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TaMara E’Lan Goode, a Personal Chef and Writer, is the single mother of two children in Indianapolis. From her diverse professional and personal experiences; this “Culinary Artist” utilizes her passion for words and food to feed others “mind, body and soul”. A contributing writer of Viewshound, TaMara is a Poet and author of the forthcoming novel TIMELESS: Through the Eyes of a Poet.
Q & A
From where do you draw inspiration?

As a writer, throughout the years, I have been inspired greatly by my grandmother’s vivid life in politics and interest in the arts. In was common for politicians such Congressman Julia Carson (aunt) or Jesse Jackson and various artists to frequent my grandmother’s humble home for networking, food and fun. Such events never resulted in a dull moment, and my grandmother made life itself, is an inspiration. It was my grandmother who taught me my love for reading and writing, and by the time I was in elementary school, it was very evident that my calling would be within the arts. When other children were playing, I was in the corner drawing/writing mini comic books and stories. Much to my grandmother’s amusement, as well as patience, the only times I got in trouble in school was when I was talking or writing when I wasn’t suppose to. Since then, I find inspiration as a single mother and single spirit.

What is the hardest thing about your creative process?

The hardest thing about my creative process is the balancing of time with creative energy. Seemingly cursed at times by the writers God, when I have the time to create, nothing seems to manifest. However, the moment when life carries me away, I feel as if my head will burst from all the words and story concepts running like a hamster on my mental wheel.

Do you work every day, or only when inspiration/opportunity strike?

Because I lack some discipline and my schedule varies, I don’t have a working daily writing schedule as I should. I often envy other writers who work consistently daily, and perhaps with less pressure in doing so. However, my insomnia filled nights are a veiled blessing as I get the majority of writing done during these times in bulk, sometimes twenty pages. Sometimes it helps by just sitting down and making myself write when I’m not inspired, but more often I write better when in the zone uninterrupted. I’ve been working on developing a more healthy, stable working writing schedule that I can stick to…hopefully.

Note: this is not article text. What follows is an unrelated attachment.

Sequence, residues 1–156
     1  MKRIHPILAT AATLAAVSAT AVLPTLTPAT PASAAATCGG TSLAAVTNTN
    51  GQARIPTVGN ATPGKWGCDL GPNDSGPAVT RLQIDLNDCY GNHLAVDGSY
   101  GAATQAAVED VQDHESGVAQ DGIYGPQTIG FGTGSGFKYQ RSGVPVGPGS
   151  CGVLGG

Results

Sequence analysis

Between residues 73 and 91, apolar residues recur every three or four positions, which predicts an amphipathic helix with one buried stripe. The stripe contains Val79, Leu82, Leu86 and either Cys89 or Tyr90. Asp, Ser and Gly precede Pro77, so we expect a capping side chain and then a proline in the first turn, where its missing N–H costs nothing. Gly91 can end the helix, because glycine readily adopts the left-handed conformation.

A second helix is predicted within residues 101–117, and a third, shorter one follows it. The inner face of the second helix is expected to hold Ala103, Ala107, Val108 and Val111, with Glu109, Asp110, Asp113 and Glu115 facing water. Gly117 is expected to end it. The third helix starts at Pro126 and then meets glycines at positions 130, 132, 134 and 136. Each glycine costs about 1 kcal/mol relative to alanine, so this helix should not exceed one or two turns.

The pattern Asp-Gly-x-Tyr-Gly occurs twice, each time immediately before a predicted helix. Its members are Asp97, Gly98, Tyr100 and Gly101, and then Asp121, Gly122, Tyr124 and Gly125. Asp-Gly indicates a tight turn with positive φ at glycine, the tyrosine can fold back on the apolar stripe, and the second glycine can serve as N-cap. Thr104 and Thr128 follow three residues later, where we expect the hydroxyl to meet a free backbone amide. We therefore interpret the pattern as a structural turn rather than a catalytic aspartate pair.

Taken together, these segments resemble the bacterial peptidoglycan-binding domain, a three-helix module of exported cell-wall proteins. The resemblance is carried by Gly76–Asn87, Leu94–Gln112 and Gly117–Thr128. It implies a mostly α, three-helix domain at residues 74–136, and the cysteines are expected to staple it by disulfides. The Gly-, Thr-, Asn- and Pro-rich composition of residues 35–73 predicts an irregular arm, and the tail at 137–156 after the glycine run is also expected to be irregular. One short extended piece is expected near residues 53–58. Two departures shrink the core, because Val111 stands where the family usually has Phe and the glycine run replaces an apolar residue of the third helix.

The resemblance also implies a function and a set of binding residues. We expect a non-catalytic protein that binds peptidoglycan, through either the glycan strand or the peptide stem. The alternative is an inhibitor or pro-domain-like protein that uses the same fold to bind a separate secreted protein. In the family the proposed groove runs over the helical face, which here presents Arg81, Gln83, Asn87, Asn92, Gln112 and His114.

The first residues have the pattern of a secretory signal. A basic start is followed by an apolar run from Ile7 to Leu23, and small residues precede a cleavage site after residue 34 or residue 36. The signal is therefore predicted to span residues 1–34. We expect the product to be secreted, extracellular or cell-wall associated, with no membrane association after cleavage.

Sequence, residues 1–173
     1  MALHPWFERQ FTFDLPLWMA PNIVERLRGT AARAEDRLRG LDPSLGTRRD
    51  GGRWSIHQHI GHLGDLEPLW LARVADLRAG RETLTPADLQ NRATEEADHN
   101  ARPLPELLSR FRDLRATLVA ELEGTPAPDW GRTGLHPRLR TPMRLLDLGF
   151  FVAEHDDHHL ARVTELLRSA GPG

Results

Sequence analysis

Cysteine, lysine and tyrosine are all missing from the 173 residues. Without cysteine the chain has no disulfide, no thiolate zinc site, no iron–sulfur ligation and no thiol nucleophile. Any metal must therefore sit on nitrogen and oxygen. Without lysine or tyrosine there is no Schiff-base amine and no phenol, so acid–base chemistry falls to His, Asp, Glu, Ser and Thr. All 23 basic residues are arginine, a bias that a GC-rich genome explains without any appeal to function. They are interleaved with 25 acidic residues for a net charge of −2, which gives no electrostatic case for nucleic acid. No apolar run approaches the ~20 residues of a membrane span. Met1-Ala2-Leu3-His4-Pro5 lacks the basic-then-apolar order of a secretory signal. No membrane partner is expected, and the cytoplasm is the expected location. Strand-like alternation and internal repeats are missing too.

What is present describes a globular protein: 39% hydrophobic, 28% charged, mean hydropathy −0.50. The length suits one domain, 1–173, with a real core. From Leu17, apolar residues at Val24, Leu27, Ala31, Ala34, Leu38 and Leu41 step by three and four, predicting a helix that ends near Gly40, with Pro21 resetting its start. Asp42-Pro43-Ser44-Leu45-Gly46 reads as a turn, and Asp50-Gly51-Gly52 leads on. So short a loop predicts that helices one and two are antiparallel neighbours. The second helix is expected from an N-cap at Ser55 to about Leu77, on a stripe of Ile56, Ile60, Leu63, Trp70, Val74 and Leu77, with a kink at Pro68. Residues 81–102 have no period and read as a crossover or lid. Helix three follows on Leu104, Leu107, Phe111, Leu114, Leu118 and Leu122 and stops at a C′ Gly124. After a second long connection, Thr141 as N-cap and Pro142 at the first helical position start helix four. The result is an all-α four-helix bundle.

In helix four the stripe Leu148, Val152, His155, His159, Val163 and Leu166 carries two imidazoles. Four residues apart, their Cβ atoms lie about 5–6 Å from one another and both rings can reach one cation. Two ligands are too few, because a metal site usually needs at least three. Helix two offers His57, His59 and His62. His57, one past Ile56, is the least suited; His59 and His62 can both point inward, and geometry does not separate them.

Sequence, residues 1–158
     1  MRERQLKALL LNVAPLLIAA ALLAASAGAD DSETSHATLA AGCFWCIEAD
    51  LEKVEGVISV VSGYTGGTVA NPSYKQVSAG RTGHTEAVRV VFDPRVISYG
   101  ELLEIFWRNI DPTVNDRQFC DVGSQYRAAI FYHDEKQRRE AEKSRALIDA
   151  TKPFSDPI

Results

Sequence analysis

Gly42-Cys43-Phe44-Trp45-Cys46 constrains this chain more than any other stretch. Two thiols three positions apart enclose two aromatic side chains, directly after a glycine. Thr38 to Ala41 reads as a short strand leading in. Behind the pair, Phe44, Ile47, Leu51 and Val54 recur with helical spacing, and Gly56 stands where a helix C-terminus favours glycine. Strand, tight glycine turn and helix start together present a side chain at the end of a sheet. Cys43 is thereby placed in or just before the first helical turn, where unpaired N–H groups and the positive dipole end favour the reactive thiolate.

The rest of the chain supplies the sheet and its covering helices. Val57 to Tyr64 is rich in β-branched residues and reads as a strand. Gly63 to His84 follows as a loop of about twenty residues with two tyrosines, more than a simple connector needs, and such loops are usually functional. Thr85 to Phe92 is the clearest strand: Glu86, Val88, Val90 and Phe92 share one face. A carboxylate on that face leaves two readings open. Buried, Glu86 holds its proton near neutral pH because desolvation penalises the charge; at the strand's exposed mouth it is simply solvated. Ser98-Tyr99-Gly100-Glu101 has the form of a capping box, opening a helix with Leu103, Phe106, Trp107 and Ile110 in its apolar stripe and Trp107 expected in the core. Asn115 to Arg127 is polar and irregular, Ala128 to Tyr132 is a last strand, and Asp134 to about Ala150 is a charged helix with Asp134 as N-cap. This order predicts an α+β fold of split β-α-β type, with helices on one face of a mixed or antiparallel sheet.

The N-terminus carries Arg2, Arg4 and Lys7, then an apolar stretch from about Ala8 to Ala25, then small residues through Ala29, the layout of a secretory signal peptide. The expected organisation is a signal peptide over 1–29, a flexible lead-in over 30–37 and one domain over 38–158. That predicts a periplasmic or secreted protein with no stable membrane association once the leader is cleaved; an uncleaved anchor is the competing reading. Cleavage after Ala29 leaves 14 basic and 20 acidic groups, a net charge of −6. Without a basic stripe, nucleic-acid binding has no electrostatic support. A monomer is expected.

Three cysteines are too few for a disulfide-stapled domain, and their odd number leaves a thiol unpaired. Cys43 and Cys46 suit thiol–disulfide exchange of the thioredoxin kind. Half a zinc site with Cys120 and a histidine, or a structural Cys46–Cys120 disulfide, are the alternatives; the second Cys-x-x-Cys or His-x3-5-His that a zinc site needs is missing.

How do you feel about the current art market/art climate?

As an African-American Woman Writer, I have mixed emotions about the current market climate with the emergence of substandard literature and art that has more commercial appeal than actual artistic empowerment or quality.

If you could change one thing about the art world today, what would it be?

If I could change more things about the art world it would be to ensure our children a place in the art world by consistently promoting art as essential in schools (especially inner city/low income public schools where many art programs are being cut when arts enrich other academic areas in a child’s education).

Talk a little bit about your current project and why you decide to embark on it.

My current project is the screen play to my debut novel, “Timeless: Through the eyes of a Poet”. Originally, I was working on a poetry book in 2002 when I began developing a concept which combined my poetry with narrative prose, and the story evidently became Timeless. I have been actively seeking publication for the novel since 2009, while pitching the screen play to indie film producers. I have a one act play, “Reflections” that is completed, as well as I a working treatment/concept I am writing for film titled “Dog Tags”.

How does being a woman impact your work?

Being a woman impacts my work because of the insight and life I write into my story lines and/or concepts. It is my goal to write stories that women can relate to and be inspired by. I hope to bring the spirit of courage, culture and over coming adversities.

If you had the opportunity to address a group of young girls, what would you say to inspire them?

My motto is “To dream big is to dream HARD”. I believe that writing is therapeutic, essential to mobility in life, as much as it is entertaining. In working with a group of young girls/women, I want to encourage them that nothing is impossible for God and a disciplined mind. Be a dreamer, dream as hard and as much as you dare, but be willing and able to put forth the steps to make the dreams reality. As an artist of any medium, if blessed with gifts, use them. As they say “work like play and then play like hell”.